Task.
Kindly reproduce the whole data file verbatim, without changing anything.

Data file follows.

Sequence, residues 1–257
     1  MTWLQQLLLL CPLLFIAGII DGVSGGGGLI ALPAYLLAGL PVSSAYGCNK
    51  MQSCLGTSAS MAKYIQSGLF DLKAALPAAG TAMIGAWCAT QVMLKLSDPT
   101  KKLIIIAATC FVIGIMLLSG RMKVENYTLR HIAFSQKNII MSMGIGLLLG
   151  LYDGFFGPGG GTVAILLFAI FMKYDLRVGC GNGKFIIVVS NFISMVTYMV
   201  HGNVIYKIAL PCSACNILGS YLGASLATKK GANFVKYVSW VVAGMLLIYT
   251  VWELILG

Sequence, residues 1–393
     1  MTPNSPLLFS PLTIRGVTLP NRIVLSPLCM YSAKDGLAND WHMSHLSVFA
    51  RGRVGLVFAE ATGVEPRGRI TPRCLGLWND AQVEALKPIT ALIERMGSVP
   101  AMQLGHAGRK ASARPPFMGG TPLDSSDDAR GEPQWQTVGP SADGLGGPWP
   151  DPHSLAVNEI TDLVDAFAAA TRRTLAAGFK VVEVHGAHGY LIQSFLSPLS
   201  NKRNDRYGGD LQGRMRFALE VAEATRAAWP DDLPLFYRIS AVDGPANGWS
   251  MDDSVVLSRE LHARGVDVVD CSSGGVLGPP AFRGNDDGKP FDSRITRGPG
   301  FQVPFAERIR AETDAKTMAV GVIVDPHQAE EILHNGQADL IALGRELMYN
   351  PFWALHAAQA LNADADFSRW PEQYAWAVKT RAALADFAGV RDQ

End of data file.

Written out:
Sequence, residues 1–257
     1  MTWLQQLLLL CPLLFIAGII DGVSGGGGLI ALPAYLLAGL PVSSAYGCNK
    51  MQSCLGTSAS MAKYIQSGLF DLKAALPAAG TAMIGAWCAT QVMLKLSDPT
   101  KKLIIIAATC FVIGIMLLSG RMKVENYTLR HIAFSQKNII MSMGIGLLLG
   151  LYDGFFGPGG GTVAILLFAI FMKYDLRVGC GNGKFIIVVS NFISMVTYMV
   201  HGNVIYKIAL PCSACNILGS YLGASLATKK GANFVKYVSW VVAGMLLIYT
   251  VWELILG

Sequence, residues 1–393
     1  MTPNSPLLFS PLTIRGVTLP NRIVLSPLCM YSAKDGLAND WHMSHLSVFA
    51  RGRVGLVFAE ATGVEPRGRI TPRCLGLWND AQVEALKPIT ALIERMGSVP
   101  AMQLGHAGRK ASARPPFMGG TPLDSSDDAR GEPQWQTVGP SADGLGGPWP
   151  DPHSLAVNEI TDLVDAFAAA TRRTLAAGFK VVEVHGAHGY LIQSFLSPLS
   201  NKRNDRYGGD LQGRMRFALE VAEATRAAWP DDLPLFYRIS AVDGPANGWS
   251  MDDSVVLSRE LHARGVDVVD CSSGGVLGPP AFRGNDDGKP FDSRITRGPG
   301  FQVPFAERIR AETDAKTMAV GVIVDPHQAE EILHNGQADL IALGRELMYN
   351  PFWALHAAQA LNADADFSRW PEQYAWAVKT RAALADFAGV RDQ